smtp_server = 'mail.yoursmtpurl.com' # your smtp url goes here
    smtp_port = 587
    smtp_username = sender_email
    smtp_password = 'yourpassword' # your smtp password goes here

    # Create the email message
    msg = MIMEMultipart()
    msg['From'] = sender_email
    msg['To'] = recipient_email
    msg['Subject'] = subject

    # Attach the table element as HTML to the email body
    html_content = html.tostring(table_element, encoding="unicode")
    msg.attach(MIMEText(html_content, 'html'))

    # Save the table element as an HTML file
    html_filename = 'table_element.html'
    with open(html_filename, 'w', encoding='utf-8') as html_file:

    # Attach the HTML file to the email
    with open(html_filename, 'rb') as file:
        attachment = MIMEApplication(file.read(), _subtype="html")
        attachment.add_header('Content-Disposition', f'attachment; filename={html_filename}')

    # Connect to the SMTP server and send the email
    with smtplib.SMTP(smtp_server, smtp_port) as server:
        server.login(smtp_username, smtp_password)
        server.sendmail(sender_email, recipient_email, msg.as_string())

    # Delete the HTML file after sending the email

    print("email has been sent")

# First part to get Nepali date
dateresponse = requests.get("https://taxpayerportal.ird.gov.np/Handlers/Common/DateHandler.ashx?method=GetCurrentDate")
match = re.search(r'"NepaliDate":"(\d{4})\.(\d{2})\.(\d{2})"', dateresponse.text)
year, month, day = match.groups()
nepali_date = f"{year}.{month}.{day}"
print("Nepali Date:", nepali_date)
print("Year:", year)
print("Month:", month)
print("Day:", day)

# Second part to make a request to the second URL
url = "https://supremecourt.gov.np/lic/sys.php"
query_strings = {
    'd': 'reports',
    'f': 'case_p'

form_data = {
    'syy': '',
    'smm': '',
    'sdd': '',
    'mode': 'showx',
    'tyy': year,
    'tmm': month,
    'tdd': day,
    'regno': '',
    'imageField.x': 48,
    'imageField.y': 10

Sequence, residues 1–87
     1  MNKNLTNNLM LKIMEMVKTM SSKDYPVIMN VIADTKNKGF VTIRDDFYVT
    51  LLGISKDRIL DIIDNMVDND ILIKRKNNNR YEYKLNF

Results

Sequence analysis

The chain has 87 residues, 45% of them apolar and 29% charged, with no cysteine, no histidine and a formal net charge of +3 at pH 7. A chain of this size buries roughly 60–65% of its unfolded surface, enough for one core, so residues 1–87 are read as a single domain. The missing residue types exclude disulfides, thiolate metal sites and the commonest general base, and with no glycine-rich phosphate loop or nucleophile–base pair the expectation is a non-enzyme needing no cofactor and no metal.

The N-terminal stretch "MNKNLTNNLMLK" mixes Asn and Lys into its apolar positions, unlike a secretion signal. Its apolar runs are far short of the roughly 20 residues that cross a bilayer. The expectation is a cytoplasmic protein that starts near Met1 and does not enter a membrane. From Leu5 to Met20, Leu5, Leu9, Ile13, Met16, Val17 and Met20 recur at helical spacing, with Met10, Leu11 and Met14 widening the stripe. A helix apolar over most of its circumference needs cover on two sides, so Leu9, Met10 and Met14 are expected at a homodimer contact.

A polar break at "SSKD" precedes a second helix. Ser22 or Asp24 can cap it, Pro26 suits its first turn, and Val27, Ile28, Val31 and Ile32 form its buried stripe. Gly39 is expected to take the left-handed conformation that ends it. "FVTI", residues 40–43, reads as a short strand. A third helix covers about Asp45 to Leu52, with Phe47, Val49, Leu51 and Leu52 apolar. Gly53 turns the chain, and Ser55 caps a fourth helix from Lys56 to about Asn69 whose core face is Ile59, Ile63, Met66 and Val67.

response = requests.post(url, params=query_strings, data=form_data)

# Extract the specified table element
table_element = extract_table_element(response.content)

# Send an email with the extracted table element and attachment
send_email(table_element, year, month, day)


Automation through Windows Task Scheduler

To schedule the above Python script through Task Scheduler in Windows: 

Press Win + S and type “Task Scheduler,” then press Enter. In the Actions pane, click “Create Basic Task…” Follow the wizard to set a name and description. Select a trigger (e.g., daily, weekly) for when you want the script to run. Specify the start date and time based on your preference.

Choose Action: Select “Start a program” and click Next. Browse and select the Python executable (python.exe) as the program. You can find your python executable location by typing “where python” in the command prompt. In “Add arguments,” provide the name of your Python script (e.g. script.py). In “Start in,” provide the path of your script folder (e.g., C:\Path\to\your\script\folder) Review your settings and click Finish.

Now, your Python script will run automatically based on the scheduled triggers you configured in Task Scheduler and every day at the specified time you will receive a daily digest of all the cases that got decided by the Supreme Court on that particular day.